DEC. 10: The first of two features by Dan Levin of the New York Times that embarrassed the BC Liberals. Levin wrote that the Site C dam controversy was a “struggle between a public demanding greater rights and a government trying to push through large projects while avoiding scrutiny, at least in the eyes of critics.” Just over a month later, on Jan. 13, Levin delved into the murky world of B.C.’s political campaign financing. Levin wrote that “much of what is considered business as usual in British Columbia is illegal elsewhere in Canada”
DEC. 15: Clark and Coleman announced a subsidized second mortgage scheme for first time home buyers. It was immediately panned by economists and likened to the subprime mortgages that led to the 2008 global recession. Like its other big ticket promises, the government is refusing to show the business case and cost-benefit analysis for the program.
DEC. 22: Remember that “Our Opportunity Is Here” ad that claimed $20 billion had been invested in B.C.’s LNG industry? The Advertising Standards Council forced the BC Liberals to withdraw the ad after a complaint that it simply was not true.
JAN. 20: Clark proclaimed that she would no longer take her $50,000-a-year bonus from the BC Liberal Party. Instead, she claimed, she would be reimbursed for expenses.
She once called the arrangement a car allowance, but Democracy Watch says it’s a glorified commission for attending party fundraisers and divides her loyalties between the public and party funders. The party is not covered by the Freedom of Information law. Is it time for B.C.’s premier to show the public her tax returns?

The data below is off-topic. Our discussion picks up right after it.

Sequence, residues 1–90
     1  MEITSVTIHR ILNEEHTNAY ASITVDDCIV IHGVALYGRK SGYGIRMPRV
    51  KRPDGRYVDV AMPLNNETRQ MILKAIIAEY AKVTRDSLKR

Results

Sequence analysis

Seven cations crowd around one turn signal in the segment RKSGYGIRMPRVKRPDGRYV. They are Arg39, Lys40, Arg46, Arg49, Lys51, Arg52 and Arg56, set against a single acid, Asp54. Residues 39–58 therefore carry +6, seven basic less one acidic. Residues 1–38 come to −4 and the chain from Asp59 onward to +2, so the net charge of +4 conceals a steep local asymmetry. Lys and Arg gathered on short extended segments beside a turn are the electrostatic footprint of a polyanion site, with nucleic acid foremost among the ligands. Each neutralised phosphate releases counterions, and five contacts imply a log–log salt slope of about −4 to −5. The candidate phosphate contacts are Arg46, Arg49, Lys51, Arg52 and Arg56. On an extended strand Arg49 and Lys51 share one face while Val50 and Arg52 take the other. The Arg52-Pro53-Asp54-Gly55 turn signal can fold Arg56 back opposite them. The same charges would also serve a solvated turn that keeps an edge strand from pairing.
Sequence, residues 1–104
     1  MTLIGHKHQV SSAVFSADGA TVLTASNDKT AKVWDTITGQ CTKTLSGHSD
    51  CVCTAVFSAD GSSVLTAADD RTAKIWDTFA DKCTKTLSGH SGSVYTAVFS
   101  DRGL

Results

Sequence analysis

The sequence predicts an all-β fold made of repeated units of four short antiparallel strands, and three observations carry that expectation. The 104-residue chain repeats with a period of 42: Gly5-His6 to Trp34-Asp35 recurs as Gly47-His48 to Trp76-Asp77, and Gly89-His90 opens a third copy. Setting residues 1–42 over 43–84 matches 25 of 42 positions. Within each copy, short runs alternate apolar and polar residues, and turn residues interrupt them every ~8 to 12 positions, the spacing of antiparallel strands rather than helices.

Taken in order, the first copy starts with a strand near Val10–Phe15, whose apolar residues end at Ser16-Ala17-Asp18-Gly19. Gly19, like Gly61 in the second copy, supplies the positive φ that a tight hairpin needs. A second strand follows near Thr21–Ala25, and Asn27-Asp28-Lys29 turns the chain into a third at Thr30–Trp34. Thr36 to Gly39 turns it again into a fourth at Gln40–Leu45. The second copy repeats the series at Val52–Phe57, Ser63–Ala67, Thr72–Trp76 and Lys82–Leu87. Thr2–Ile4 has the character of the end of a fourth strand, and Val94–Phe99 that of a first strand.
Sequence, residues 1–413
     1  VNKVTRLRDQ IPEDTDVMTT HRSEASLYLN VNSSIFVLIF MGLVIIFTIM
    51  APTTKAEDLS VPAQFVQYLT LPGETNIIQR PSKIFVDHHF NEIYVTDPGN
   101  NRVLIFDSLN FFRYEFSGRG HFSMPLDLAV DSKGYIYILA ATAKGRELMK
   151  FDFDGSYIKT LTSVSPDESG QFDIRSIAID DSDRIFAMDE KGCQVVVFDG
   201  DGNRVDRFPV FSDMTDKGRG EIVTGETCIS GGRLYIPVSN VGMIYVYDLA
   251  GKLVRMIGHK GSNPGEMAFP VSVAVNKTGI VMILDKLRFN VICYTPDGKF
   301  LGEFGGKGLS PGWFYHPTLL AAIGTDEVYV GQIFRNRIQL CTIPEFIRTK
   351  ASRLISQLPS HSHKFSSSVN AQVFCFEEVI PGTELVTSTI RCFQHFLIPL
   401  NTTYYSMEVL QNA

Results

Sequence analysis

JAN. 17: Liberal speaker and career politician Linda Reid dinged taxpayers $10,000 for a tropical getaway that she and two others took to Guyana, for a goodwill visit to meet with that country’s parliamentarians.
JAN. 31: Democracy Watch filed a petition in B.C. Supreme Court, to ask a judge to cancel the BC Liberal government’s Jan. 11-announced approval of the Kinder Morgan pipeline twinning. Democracy Watch says that Clark, Environment Minister Mary Polak and Deputy Premier Rich Coleman were in conflict of interest because of Kinder Morgan’s $550,000 donations to the Liberals.
FEB. 6: The damning report about the preventable suicide of 18-year-old Alex Gervais at an Abbotsford motel. Since Clark took power in 2011, there have been 20 reports from the child protection watchdog all pointing at her government for failing its duty to care for B.C.’s most-vulnerable children and youths.
FEB. 11: While Liberal cronies run the “Say Anything John” third-party attack campaign against NDP leader John Horgan, Clark demonstrated yet again that she is “Say Anything Christy.”
Clark was forced to apologize to Horgan after falsely claiming the NDP hacked the Liberal website — a scandal that took attention away from the report on Gervais. Independent MLA Vicki Huntington blew the whistle on Clark, calling her the “Diva of Deflection.”
Clark left a voice mail apology for Horgan and told reporters about it on a speakerphone news conference.
The photo op-loving career politician, nicknamed Premier Amor De Camera, evidently didn’t want the public to see her make a rare apology for one of her frequent falsehoods.